• 9. Over 50% of Tickets Resolved by Call Centre GWI Tickets Closed November 2007 231, 4% 100, 2% 148, 2% 577, 9% Call Centre Academic Expert Advisor 3406, Technical 1763, 53% 31% Course Assistant Course Coordinator
  • 10. Research Questions • Does student satisfaction differ? • Do costs differ?
  • 11. Student Telephone Survey • Measure relative satisfaction among four service indicator: academic, administrative, technical, and program advising • Explore whether any age or gender effects • Pool of students who have completed at least four AU undergraduate courses during the two years ended December 31, 2008 (at least one in each mode) • 435 requests, 69% response rate = 300 surveys • Statistically significant results: +/- 3% @ 95%
  • 12. Student Survey Results • Important student needs under either model – Immediate learning support (78%) – Direct contact (76%) – Usefulness of first month contact (77%) – Usefulness of welcome email (84%) • Differences – Amount of student contact within first month (CC: 77%; TM: 43%) – Preference for models (CC: 58%; TM: 54%) – Preference of TM for higher-level, quantitatively complex courses (Finance, Math)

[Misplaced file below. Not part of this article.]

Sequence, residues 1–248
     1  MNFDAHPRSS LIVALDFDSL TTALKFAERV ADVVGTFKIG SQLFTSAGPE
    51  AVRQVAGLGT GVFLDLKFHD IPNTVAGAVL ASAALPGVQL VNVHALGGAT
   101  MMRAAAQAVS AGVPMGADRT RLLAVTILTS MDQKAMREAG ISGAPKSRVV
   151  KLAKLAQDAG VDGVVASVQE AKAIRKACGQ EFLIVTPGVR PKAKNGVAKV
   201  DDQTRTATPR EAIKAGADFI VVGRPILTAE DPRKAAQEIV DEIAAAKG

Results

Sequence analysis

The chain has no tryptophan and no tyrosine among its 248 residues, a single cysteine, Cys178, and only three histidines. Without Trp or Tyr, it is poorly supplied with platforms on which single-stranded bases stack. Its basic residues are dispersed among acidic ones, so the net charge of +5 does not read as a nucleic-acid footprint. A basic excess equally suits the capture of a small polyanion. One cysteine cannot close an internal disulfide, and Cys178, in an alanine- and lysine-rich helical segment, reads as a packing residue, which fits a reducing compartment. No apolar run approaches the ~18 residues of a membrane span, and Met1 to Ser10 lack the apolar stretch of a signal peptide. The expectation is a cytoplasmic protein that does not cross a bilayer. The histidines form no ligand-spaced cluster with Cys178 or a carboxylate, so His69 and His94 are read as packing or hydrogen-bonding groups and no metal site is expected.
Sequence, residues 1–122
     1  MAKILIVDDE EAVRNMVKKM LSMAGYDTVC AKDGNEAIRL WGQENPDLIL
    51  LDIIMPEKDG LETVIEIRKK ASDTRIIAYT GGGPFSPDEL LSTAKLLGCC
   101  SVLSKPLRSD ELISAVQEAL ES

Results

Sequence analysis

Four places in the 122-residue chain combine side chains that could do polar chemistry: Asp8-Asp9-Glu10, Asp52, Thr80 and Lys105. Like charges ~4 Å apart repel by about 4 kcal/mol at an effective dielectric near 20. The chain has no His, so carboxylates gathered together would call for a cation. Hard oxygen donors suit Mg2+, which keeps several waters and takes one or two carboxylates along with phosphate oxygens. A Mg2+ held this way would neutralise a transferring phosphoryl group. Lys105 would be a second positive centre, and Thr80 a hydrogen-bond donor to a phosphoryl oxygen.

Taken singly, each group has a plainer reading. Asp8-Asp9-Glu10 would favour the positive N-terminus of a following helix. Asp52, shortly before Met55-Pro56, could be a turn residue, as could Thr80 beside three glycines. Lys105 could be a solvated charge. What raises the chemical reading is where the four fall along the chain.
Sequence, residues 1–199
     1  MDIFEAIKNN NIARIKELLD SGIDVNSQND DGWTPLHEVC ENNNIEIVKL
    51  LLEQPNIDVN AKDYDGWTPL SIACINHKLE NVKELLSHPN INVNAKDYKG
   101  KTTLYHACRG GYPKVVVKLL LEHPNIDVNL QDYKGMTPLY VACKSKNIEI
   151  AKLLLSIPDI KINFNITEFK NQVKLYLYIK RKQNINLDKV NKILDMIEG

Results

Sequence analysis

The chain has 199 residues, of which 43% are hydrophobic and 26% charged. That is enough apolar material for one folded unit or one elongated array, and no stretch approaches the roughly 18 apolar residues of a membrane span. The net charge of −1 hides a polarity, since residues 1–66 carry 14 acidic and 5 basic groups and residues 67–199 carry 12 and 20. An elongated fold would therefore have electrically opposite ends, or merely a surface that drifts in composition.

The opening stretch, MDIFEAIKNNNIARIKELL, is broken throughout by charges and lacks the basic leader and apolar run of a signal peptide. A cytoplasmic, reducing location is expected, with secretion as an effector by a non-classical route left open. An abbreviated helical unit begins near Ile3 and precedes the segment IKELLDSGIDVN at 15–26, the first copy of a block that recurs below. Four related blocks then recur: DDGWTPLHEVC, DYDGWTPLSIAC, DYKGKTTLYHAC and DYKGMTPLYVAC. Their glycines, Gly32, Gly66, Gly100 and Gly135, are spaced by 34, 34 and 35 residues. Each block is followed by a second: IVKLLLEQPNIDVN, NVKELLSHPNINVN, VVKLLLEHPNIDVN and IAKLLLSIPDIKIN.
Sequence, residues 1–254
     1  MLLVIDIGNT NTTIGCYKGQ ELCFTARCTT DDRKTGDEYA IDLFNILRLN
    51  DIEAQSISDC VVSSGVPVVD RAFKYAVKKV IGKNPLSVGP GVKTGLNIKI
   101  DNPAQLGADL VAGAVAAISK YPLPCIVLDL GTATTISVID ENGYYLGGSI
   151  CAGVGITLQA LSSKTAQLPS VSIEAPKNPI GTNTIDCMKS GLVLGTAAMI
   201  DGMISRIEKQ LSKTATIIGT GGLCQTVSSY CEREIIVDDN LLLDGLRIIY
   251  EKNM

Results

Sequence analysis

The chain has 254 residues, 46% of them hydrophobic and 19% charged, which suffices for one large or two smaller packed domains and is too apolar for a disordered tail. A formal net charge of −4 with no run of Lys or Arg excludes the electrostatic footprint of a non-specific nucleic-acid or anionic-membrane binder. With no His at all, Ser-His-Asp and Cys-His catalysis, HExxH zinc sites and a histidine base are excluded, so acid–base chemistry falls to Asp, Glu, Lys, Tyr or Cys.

• 13. Student Survey Results (cont.) • Gender and age representative of AU student population (M: 39%; F: 61%; 28 years) • Email perceived as most effective vs. telephone • Tutors need to be more accessible under both models – Cell phone pilot
  • 14. Relative Costs • Reluctance by administration; costs only recently made available for analysis • 2003 analysis: app. $90 per registration less for Call Centre model – Tutors paid for activity (CC), not availability (TM)
  • 15. Other Aspects • Student service tracking and resolution facilitated by Call Centre/CMR model • Better utilization of academic experts’ time • If service perceptions roughly same or better, and lower costs, why wouldn’t this be adopted across all IS courses? – Union resistance – Pedagogical resistance by influential executives – Lotus Notes/GWI as technological backbone • Budget crisis may convince critics
  • 16. Questions David Annand, Director School of Business 001 780 307 2937 davida@athabascau.ca More Information http://business.athabascau.ca/